Jeanne: Struggle

Druce looked distrustfully at the woman, eager to be gone - after Jason or to find Lucius, he did not care which - and wary of giving information to one toward whom his friend spoke so coldly. Jason was not usually harsh with anyone; it would be different, thought Druce with a wry grin, if I were rough in speaking to her, but Jason must have a good reason. He never has anything but a good reason. And the Guttersnipe is a good reason, in my mind.

So he shifted away, trying to forget what his friend had told him of the Guttersnipe's whereabouts, and yet, of course, not able to. He could not say he did not know, so he showed his hand and said, "I am costing the Lord Ambrosius much-needed labour, as you say; I must be off."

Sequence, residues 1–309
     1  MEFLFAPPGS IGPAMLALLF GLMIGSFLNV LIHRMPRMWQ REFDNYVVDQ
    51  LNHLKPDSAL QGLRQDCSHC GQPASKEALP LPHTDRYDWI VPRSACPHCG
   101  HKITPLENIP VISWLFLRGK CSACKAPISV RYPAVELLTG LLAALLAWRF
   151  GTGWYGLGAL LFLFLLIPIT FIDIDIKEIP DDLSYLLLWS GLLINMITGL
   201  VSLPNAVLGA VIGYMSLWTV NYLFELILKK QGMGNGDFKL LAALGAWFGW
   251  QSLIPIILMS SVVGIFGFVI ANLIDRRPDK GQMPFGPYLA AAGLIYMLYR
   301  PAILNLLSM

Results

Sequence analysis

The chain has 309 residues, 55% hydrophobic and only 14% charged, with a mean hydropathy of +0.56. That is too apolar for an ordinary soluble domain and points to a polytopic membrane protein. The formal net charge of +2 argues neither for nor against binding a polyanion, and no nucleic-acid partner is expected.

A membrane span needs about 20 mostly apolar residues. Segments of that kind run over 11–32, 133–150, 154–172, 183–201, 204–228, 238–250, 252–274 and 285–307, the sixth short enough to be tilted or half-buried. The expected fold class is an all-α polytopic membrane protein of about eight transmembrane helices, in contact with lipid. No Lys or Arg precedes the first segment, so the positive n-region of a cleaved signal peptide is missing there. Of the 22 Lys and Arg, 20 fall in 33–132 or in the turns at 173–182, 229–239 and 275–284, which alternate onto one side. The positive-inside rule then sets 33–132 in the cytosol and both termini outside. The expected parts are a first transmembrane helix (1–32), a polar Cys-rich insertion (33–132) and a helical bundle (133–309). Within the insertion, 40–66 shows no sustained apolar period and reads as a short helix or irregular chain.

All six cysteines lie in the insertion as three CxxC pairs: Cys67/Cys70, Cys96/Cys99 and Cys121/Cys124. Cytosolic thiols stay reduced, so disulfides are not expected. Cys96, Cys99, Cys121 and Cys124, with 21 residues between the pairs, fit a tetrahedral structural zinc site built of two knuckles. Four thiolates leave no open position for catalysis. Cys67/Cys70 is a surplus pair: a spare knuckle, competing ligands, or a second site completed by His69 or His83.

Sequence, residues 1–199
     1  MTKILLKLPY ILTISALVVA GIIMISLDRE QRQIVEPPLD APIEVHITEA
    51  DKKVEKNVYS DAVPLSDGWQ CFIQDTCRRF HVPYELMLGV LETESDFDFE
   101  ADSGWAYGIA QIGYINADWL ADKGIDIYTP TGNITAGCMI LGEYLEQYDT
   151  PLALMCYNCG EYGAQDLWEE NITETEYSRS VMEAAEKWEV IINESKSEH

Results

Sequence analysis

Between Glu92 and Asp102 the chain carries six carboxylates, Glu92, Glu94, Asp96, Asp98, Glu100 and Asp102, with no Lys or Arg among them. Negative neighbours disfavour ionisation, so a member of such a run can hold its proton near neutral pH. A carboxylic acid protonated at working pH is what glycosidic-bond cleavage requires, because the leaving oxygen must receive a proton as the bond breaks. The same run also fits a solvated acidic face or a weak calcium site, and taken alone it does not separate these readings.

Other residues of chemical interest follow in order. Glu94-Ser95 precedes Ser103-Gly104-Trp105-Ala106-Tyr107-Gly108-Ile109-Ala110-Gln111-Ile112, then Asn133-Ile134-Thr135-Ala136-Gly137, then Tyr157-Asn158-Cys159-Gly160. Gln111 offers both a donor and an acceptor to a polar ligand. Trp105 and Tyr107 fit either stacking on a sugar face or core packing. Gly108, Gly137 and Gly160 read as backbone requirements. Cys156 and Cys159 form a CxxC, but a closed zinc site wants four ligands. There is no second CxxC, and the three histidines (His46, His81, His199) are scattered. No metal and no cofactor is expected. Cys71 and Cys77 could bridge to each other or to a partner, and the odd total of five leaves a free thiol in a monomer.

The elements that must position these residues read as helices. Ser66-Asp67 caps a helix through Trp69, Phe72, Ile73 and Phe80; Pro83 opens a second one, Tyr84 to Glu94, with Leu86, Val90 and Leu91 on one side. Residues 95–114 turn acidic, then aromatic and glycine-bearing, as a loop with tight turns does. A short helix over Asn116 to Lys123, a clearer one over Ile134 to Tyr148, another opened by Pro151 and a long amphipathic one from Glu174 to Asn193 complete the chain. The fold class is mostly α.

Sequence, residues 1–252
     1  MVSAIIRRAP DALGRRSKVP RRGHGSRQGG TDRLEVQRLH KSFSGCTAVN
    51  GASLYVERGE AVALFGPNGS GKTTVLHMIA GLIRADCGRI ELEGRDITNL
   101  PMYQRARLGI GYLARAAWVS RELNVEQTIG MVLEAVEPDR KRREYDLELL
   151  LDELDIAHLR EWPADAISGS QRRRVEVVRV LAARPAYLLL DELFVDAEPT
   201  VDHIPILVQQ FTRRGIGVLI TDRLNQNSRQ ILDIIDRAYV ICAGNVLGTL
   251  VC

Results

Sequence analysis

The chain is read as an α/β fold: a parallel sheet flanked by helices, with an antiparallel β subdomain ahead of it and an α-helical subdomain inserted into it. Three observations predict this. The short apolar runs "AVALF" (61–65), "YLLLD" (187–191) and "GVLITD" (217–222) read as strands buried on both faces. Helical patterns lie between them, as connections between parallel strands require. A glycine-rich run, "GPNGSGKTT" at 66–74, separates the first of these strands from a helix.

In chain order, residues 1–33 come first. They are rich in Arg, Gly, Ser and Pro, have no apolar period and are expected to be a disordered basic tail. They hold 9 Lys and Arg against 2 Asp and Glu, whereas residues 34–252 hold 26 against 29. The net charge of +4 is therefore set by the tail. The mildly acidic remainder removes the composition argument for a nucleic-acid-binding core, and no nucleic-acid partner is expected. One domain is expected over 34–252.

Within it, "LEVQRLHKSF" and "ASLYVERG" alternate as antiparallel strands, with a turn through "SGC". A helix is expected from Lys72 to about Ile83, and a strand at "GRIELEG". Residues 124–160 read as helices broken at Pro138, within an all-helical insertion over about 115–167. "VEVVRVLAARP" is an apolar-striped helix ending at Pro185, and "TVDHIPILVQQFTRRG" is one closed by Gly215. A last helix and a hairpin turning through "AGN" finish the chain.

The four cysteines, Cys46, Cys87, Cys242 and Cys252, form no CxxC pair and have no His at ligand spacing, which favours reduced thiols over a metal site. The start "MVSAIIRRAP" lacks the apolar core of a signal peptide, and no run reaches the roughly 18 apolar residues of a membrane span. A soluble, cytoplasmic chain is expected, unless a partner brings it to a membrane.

He strode after Jason into the grey wetness, but then he stopped, as Jason had, and looked back at the girl. For indeed, she hardly seemed more than a girl just then, even compared to the youth of the soggy lad beside her, and though nothing about her person reminded him of the Guttersnipe, still he thought of her. How often he had seen her look like that, when the men rode away and she was left alone, struggling against her feelings in the dim light before dawn!

He turned sharply on his heel and threw back, "Seeing to the armour. Jason said she was seeing to the armour." Then he hastened off, angry with himself and with her.

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